As pop music groups go, you might think ‘The Temptations’ might offer the best cultural link to the gospel for the First Sunday of Lent. But for my money, it’s ‘The Nylons’.
Today, we hear Luke’s account of Jesus being driven into desert just before the start of his public ministry. So ‘Temptations’ would fit, right? But my musical memory is drawn instead to the accomplished a capella group, and one of their all-time best tunes – ‘Prince of Darkness.’ It’s an astonishing piece, both in its musicality and in the impact of its spiritual encouragement. (Check it out for yourself, by playing the YouTube video below.)
I was reminded of the power of the tune when I heard the opening prayer – the Collect – at Mass this morning. In it, we prayed that through our observance of Lent, ‘we may grow in understanding of the riches hidden in Christ…’
I realized that – for me anyway – one of those hidden riches is the whole notion that Jesus would be subject to temptations in the first place. Temptations are a weakness after all, are they not? A sign that we are not perfect?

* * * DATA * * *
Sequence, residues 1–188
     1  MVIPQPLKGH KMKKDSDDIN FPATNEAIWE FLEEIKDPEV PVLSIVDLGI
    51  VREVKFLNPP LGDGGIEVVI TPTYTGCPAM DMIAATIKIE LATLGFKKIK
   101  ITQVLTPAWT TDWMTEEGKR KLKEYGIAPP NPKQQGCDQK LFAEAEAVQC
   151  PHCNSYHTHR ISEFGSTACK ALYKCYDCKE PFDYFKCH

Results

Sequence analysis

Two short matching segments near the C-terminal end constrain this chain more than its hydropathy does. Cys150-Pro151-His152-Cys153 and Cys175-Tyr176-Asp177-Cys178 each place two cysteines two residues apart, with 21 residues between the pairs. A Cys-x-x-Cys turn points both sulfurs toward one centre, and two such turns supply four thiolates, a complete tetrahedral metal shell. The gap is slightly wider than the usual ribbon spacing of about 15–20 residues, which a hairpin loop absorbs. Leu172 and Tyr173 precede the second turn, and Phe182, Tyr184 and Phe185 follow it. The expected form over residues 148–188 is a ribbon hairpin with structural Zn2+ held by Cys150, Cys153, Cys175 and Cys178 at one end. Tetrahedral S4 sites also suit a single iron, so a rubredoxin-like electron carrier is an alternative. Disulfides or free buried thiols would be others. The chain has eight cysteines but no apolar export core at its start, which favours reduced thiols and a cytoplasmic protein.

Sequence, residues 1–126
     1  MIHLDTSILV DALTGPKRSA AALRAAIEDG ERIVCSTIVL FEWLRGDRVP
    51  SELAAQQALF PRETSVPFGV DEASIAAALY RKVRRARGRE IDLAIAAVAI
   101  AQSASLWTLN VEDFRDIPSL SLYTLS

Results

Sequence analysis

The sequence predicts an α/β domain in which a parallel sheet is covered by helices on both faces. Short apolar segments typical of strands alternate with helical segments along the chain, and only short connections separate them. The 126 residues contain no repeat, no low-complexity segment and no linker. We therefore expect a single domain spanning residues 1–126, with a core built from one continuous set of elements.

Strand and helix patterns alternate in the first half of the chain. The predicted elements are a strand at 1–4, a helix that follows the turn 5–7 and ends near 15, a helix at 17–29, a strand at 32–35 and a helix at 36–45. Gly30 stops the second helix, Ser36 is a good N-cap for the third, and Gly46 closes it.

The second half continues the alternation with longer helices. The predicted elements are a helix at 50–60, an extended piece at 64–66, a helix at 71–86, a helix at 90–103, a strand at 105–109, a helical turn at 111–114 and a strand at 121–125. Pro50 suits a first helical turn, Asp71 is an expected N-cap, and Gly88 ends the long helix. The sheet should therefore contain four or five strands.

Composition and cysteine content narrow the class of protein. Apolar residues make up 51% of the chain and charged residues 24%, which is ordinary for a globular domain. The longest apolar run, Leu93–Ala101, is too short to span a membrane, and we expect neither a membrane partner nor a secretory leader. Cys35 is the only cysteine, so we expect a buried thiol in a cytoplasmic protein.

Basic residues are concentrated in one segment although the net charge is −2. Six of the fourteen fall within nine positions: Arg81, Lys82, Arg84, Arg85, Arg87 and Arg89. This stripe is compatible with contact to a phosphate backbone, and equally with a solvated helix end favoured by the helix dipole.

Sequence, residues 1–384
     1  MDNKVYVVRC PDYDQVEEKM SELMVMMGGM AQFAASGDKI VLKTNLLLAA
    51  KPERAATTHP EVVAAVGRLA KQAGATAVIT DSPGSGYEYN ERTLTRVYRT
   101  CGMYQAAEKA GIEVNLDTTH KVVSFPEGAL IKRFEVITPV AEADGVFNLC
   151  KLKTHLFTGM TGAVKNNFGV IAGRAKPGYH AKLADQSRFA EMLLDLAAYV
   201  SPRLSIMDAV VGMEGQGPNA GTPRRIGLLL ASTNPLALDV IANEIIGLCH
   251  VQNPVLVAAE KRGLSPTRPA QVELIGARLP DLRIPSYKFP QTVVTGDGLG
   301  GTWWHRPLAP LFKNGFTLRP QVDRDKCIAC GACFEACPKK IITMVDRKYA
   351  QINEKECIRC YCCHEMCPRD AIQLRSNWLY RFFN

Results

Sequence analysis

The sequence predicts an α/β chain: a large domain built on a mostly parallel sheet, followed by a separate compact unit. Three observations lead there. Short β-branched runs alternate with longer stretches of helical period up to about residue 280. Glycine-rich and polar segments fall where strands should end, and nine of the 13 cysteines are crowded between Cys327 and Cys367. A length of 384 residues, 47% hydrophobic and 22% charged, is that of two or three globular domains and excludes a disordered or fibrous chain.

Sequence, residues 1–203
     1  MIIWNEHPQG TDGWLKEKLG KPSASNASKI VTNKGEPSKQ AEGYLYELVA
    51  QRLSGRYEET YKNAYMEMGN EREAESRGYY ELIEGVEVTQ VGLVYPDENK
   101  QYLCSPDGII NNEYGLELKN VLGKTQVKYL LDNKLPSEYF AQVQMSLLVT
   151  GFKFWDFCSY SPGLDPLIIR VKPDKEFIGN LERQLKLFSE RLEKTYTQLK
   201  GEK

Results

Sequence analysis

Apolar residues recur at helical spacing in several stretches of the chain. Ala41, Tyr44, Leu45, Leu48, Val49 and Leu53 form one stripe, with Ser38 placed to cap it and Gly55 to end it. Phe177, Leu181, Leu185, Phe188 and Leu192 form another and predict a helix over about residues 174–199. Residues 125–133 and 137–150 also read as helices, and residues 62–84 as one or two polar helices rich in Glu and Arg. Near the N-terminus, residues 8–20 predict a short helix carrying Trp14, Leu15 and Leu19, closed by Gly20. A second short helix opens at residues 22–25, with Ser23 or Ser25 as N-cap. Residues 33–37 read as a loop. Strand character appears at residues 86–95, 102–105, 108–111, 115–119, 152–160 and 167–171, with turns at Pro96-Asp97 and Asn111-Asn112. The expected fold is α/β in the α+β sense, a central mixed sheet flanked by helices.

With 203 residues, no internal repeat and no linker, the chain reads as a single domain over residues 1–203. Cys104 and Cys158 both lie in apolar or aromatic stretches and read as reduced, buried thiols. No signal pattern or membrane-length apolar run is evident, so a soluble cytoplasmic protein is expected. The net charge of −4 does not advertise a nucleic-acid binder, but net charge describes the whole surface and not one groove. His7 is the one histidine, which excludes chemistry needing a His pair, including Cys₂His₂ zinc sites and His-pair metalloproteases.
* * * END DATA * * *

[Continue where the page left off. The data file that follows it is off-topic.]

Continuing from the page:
Now, think about that for a moment: Jesus is Lord. Jesus is God. Jesus is perfect. So the fact that he’s tempted must not be a sign of weakness after all. Perhaps it is rather a piece of proof that Jesus is perfectly human.
And I was delighted to discover that Luke includes this delicious detail at the very end of the passage:
‘When the devil had finished every temptation, he departed from [Jesus] for a time.’
Satan departed…for a time.
It’s easy to miss that little nugget…but my, what riches are hidden in those three words. They tell me that Jesus’ experience of the devil is very much like my own: The demons, the temptations, can be kept at bay for a while. But they always seem to return. The Prince of Darkness is very good at his work…and he’s relentless. He doesn’t give up, even when he comes face-to-face with the Lord of the Cosmos.
It’s an amazing thing to consider. Only slightly less amazing, perhaps, than the notion that this same Lord of the Cosmos offers us the strength to ward off the demons.
When we call on the precious name of Jesus, we discover – as The Nylons remind us – that the demon ‘has no power here.’ Call on Jesus, and even the Prince of Darkness ‘will be brought to his knees.’
Let us pause now…to recall that we are in the presence of the Holy & Merciful One.